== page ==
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Issue of 12/30/2009

Cover Story:

Amateur night
by Metro Times readers
Harrowing, embarrassing, and hilarious, here are our readers' (and some of our) twisted New Year's Eve tales


The best music of 2009 by Metro Times music staff
The tops in pop, punk, jazz, country and hip hop

The year in lists by Jeff Meyers & Corey Hall
From apocalyptic fetishes and doc-a-lots to teen-dream vampires and why no one will see the year's best movie


Thumb raiders by Bryant Franks (Cheat Code)
The absolute must-have games from 2009, and a glimpse at '10

Comics (Comics)

Food Stuff by Metro Times food staff (Food Stuff)
New Year's Yoga, slow food, grits and more

Idols, survivors & Bauer by Jim McFarlin (Idiot Boxing)
My so-called reality TV decade

Letters to the Editor by Metro Times readers (Letters to the Editor)
Our readers sound off on what's in the paper

Reporter sandbagged? by News Hits staff (News Hits)
Is Diane Bukowski being unfairly targeted by the Prosecutor's Office?

Night and Day by Megan O'Neil (Night and Day)

Farewell to 2009 by Jack Lessenberry (Politics and Prejudices)
A year that taxes the imagination comes to an end

Kisses, fails & farts by Dan Savage (Savage Love)
Perceived betrayals, fake 'open' relationships and eproctophilia

Grand River runs through it by Metro Times food staff (Short Order)
A shortlist of restaurants in Novi, Farmington and Farmington Hills

Word up by Travis R. Wright (Sketches in Grit)
From the hood to higher learning, teen poet Myriha Burton steps out

Fighting athlete abuse by Larry Gabriel (Stir It Up)
More satirical oddity from the Harangua files

D-spirited! by Walter Wasacz (The Subterraneans)
The best of 2009


 No Reviews


It's Complicated Reviewed by Corey Hall (Movie)
Meryl Streep and Alec Baldwin are Annie and Jack, a divorced couple who, at their son’s graduation, drunkenly stumble into bed again. To their mutual shock, the old spark’s still there, and they start having clandestine hookups in plush hotel elevators, under the noses of their dippy grown children. The only real snag is that Baldwin is unhappily remarried, his pouty, young trophy wife is played Lake Bell, who’s mostly around so that her taut bikini bod can serve as sharp contrast to Streep’s earthy curves. There’s also the matter of Annie’s sweetly shy architect (Steve Martin), whom she’s started a hesitant flirtation with.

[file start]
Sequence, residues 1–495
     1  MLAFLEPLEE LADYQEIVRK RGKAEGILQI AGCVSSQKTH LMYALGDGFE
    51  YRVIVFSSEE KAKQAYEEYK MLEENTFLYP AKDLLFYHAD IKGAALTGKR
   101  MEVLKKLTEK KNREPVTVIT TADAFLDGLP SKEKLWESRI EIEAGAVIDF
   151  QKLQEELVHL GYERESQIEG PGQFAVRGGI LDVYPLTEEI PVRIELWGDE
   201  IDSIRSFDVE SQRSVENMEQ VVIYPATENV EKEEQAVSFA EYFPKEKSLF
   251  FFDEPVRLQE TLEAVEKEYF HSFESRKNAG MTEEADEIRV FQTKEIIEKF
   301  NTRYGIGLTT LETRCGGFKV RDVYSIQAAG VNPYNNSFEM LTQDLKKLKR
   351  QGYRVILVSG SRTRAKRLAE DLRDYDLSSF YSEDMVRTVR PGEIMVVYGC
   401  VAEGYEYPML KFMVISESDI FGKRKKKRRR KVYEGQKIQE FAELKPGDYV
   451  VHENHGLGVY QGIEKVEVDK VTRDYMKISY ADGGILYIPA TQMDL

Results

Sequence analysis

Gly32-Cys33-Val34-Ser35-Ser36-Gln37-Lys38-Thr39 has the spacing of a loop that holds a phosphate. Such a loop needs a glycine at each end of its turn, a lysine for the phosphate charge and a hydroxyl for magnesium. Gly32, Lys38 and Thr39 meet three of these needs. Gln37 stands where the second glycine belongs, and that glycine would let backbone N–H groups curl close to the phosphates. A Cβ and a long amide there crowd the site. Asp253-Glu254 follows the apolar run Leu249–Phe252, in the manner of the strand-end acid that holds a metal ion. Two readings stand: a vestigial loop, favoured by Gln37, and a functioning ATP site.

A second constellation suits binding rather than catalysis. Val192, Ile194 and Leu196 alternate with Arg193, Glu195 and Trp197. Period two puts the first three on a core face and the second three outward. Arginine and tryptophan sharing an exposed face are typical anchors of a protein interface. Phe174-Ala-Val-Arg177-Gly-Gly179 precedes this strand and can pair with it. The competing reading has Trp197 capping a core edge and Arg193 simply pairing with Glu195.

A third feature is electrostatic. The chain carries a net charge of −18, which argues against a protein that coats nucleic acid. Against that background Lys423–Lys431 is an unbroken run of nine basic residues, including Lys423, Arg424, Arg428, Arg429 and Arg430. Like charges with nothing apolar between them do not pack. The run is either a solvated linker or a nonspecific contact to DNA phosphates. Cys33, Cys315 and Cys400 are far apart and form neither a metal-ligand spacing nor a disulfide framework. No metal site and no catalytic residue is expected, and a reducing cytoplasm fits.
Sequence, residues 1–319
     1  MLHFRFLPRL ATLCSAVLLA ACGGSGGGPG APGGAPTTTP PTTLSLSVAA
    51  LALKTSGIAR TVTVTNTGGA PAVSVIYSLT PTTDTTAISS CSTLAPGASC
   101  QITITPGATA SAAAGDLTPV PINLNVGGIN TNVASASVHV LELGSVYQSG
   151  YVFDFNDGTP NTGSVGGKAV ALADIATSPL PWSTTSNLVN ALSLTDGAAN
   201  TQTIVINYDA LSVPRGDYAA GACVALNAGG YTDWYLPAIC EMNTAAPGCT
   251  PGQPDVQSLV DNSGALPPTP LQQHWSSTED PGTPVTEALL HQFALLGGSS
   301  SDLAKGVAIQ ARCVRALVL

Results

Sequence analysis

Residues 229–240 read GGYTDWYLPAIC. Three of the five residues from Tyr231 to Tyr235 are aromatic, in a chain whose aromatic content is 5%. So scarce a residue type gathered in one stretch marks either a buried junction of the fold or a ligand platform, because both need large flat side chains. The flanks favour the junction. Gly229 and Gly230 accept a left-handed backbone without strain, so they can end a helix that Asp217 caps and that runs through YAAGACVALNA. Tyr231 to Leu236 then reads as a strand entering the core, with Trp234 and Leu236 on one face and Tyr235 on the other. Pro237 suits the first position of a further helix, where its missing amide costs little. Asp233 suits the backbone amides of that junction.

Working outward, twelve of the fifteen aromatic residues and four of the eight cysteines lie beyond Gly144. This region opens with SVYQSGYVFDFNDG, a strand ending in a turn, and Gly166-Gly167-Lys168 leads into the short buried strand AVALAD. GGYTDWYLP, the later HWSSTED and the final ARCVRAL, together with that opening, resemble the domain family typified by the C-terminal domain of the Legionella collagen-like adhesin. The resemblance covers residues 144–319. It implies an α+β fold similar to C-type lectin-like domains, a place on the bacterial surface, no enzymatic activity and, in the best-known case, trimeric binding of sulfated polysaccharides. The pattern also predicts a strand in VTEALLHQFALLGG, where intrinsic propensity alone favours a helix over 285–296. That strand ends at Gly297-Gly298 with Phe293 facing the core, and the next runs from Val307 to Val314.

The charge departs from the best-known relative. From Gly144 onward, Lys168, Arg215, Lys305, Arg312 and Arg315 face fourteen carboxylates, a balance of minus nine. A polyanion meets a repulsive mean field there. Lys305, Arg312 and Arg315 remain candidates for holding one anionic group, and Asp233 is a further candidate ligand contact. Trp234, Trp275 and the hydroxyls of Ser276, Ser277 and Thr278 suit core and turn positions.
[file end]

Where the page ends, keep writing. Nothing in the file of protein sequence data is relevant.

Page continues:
Sherlock Holmes Reviewed by Jeff Meyers (Movie)
We’re introduced to the decidedly a disheveled Holmes (Downey Jr.), an arrogant smarty-pants and amateur boxer who’s incapable of social niceties and susceptible to mental breakdowns whenever his fidgety genius isn’t engaged. His partner is the ever-patient Doctor Watson (a perfectly cast Jude Law), whose impending engagement threatens their codependent bromance. Enter beautiful Irene Adler (a superfluous Rachel McAdams), the only woman to ever steal Holmes’ heart and outsmart his big brain. Adler pulls the Victorian gumshoe into a confounding mystery. Creepy Lord Blackwood (Mark Strong), who was recently hanged for a quartet of occult killings, comes back from the grave to commit yet more murders. Is black magic afoot in England? Will Holmes solve the crime before more people die?


1917 American Bistro Reviewed by Jane Slaughter (Restaurant)
Don and Katrina Studvent’s new place is a bistro, if there can be an American version with a soul food foundation, and no liquor license for a few more months. It’s a bistro in the sense that it’s a family-owned place that serves moderately priced, relatively simple dishes and simple meals. It’s pretty, with attractive prices and a $13 Sunday brunch buffet that includes catfish with grits, chicken with waffles. Other choices are fried potatoes, turkey sausage, country bacon, fried ham, fried turkey, omelets, French toast, fresh fruit, breads and pastries.